The Jerusalem Syndrome: My Life As a Reluctant Messiah by Marc Maron

The Jerusalem Syndrome

Author: Marc Maron

Release: October 9, 2001

Tagline: My Life as a Reluctant Messiah

Publisher: Three Rivers Press

Genre: Humor, Comedy, Religion, Philosophy, Biography

ISBN-10: 0767908104
ISBN-13: 978-0767908108

Main Character: Marc Maron

Synopsis: The Jerusalem Syndrome is a genuine psychological phenomenon that often strikes visitors to the Holy Land–the delusion that they are suddenly direct vessels for the voice of God. Marc Maron seems to have a distinctly American version of the Jerusalem Syndrome, which has led him on a lifelong quest for religious significance and revelation in the most unlikely of places.

Declassified by Agent Palmer: The Jerusalem Syndrome: My Life As a Reluctant Messiah by Marc Maron is Fantastic

Quotes and Lines

And if there is any core to my faith at all it is that there are no coincidences. [There is no word in Hebrew for “coincidence.”] Nothing happens in God’s world by chance.

He fed on information. He could watch any sport with an equal amount of interest, whether it was football or curling. He knew enough about everything to have an opinion sufficient to converse intelligently in the time afforded him by commercial breaks.

The first time I had actual words with God, he started it.

So what if they kicked me out of Hebrew school? What could happen? I wouldn’t be allowed to be a Jew? So, twice a week, at four in the afternoon, I would go to Congregation B’nai Israel and redefine the phrase “the Jewish problem.”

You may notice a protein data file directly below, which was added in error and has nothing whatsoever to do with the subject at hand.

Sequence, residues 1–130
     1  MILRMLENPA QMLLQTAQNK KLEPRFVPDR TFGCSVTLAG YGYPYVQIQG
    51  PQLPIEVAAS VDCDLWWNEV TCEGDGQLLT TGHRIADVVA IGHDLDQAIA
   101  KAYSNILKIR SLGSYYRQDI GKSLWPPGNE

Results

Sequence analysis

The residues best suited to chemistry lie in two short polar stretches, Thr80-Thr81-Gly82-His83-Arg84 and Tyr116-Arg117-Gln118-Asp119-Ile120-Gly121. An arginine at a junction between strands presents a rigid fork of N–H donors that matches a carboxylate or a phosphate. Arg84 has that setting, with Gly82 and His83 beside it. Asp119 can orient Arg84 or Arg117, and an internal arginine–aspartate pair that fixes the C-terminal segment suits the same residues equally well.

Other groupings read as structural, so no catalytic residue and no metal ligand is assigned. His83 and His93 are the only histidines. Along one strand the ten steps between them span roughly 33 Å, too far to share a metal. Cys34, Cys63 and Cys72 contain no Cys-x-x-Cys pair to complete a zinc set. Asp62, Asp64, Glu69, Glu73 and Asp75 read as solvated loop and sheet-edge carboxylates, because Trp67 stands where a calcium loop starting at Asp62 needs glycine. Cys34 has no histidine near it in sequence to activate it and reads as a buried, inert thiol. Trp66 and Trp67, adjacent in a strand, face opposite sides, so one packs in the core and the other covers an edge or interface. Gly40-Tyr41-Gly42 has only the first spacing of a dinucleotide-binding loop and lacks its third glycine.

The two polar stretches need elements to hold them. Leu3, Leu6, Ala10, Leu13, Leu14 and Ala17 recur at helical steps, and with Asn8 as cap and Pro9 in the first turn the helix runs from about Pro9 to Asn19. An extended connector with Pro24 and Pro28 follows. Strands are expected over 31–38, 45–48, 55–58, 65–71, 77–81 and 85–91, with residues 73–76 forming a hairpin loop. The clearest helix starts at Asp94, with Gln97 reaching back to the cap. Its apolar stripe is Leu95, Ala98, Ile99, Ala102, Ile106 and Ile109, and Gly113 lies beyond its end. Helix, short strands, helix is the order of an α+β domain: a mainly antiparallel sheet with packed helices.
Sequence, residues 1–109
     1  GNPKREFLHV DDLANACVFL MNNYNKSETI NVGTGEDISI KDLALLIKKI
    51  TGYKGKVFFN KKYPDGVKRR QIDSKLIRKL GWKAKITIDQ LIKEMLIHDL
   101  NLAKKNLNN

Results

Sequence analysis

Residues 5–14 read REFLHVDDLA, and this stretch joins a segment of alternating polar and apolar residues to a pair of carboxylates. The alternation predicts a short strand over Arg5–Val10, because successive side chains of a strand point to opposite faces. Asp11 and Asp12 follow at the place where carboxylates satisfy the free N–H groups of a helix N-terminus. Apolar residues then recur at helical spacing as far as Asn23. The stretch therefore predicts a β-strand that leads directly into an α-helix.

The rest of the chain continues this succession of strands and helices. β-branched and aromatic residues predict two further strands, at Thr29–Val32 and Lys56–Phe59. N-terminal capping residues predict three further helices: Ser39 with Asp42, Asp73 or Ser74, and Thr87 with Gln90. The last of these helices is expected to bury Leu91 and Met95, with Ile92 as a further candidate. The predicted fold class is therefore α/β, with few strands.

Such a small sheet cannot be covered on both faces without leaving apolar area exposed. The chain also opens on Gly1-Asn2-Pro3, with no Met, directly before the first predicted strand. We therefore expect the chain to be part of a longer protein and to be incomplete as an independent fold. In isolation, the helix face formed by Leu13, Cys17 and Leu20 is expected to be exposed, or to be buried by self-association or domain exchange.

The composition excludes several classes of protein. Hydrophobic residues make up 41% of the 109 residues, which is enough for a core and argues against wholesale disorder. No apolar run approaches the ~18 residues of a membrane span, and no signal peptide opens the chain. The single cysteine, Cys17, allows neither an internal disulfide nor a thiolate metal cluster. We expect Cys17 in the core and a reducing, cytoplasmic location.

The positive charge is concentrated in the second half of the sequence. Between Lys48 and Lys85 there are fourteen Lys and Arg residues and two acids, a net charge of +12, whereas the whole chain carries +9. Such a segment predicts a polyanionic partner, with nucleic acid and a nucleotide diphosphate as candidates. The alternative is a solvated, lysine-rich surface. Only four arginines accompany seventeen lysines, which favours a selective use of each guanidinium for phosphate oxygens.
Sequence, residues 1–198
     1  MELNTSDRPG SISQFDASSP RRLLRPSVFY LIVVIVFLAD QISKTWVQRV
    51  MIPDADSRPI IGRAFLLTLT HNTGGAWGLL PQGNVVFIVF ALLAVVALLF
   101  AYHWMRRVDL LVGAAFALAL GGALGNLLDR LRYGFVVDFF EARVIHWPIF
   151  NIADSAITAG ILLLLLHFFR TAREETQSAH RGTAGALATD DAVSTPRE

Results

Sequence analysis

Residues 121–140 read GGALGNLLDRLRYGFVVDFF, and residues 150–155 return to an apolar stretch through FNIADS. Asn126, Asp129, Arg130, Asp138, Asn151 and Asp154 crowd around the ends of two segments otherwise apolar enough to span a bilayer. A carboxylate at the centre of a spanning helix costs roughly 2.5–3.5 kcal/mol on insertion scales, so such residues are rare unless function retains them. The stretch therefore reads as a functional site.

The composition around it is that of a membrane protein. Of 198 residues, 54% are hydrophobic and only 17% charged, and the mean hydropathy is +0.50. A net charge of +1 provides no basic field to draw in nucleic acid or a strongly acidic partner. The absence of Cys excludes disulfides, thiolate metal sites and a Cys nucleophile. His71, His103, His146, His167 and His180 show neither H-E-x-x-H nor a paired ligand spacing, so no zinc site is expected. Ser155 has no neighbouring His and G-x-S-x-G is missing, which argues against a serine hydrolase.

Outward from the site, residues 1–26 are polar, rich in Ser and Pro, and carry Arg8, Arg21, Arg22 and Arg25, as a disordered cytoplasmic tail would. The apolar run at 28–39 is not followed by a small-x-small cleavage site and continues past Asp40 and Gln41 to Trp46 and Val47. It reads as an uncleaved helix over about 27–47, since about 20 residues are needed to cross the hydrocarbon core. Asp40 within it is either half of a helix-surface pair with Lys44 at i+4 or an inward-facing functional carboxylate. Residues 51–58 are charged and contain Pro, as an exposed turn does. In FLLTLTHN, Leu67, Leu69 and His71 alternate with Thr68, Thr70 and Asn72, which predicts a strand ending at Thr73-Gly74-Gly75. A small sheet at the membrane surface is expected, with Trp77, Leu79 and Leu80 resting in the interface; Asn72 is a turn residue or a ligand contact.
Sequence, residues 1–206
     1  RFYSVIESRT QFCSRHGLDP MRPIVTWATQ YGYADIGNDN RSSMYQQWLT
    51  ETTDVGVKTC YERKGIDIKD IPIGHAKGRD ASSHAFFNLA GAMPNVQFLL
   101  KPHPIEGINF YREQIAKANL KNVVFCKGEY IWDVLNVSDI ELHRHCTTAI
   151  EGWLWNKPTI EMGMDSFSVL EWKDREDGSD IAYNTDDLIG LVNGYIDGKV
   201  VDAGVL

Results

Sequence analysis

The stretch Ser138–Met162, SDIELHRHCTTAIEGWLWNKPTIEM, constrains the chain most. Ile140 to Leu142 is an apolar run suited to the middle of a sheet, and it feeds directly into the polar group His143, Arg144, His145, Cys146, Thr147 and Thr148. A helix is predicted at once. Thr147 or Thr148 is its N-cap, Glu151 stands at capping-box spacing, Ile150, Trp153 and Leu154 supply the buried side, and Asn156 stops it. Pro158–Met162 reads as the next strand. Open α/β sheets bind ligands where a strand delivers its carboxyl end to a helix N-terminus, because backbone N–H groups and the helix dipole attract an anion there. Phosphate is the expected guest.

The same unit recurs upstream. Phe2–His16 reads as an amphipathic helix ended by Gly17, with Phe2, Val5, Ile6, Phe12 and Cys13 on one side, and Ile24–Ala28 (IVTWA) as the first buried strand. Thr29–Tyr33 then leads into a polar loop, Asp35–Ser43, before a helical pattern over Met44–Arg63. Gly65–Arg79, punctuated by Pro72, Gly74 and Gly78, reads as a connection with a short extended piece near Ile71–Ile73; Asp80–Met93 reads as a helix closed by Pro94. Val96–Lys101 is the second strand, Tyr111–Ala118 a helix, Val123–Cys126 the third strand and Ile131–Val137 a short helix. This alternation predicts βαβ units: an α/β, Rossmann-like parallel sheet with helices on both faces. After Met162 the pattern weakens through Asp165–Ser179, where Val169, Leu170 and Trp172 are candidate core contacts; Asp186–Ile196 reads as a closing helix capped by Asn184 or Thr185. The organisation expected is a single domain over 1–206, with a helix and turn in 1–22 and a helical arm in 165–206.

During my four years at Boston University I was a true Beat adept. I took a course in existentialism during which, with the help of my professor, I erased myself completely and had to rebuild from scratch.

It was time for me to have a go at my own life. I was tired of always assuming that everyone but myself possessed secret information; like some common code of understanding, some idea that tethered their soul and enabled them to get through life with some degree of grace, as opposed to the panic-ridden, angry, tumbling down the pipe that I had experienced.

I saw Hollywood as a mystical Jewish city. It was like the anti-Jerusalem. Think about it. It was built on the same idea as the real Jerusalem. A small group of Jewish kings went into the desert with a crew of crack Jewish writers and created the kabala of the American myth. The movies.

I was living in a comic book, but I had no special powers.

I started to believe that was really the core of my spirituality, American spirituality, brand loyalty. It requires an almost religious faith. You don’t realize how strong that faith is or how deep it runs until it is tested.

Babies are like cocaine to grandparents. The need comes from a deep place. They want one more opportunity to love something that hasn’t disappointed them yet.

I understand Zionism, vaguely. My parents were sofa Zionists; the kind that sit on the couch watching the news and say, “Something’s wrong in Israel. Get the checkbook.”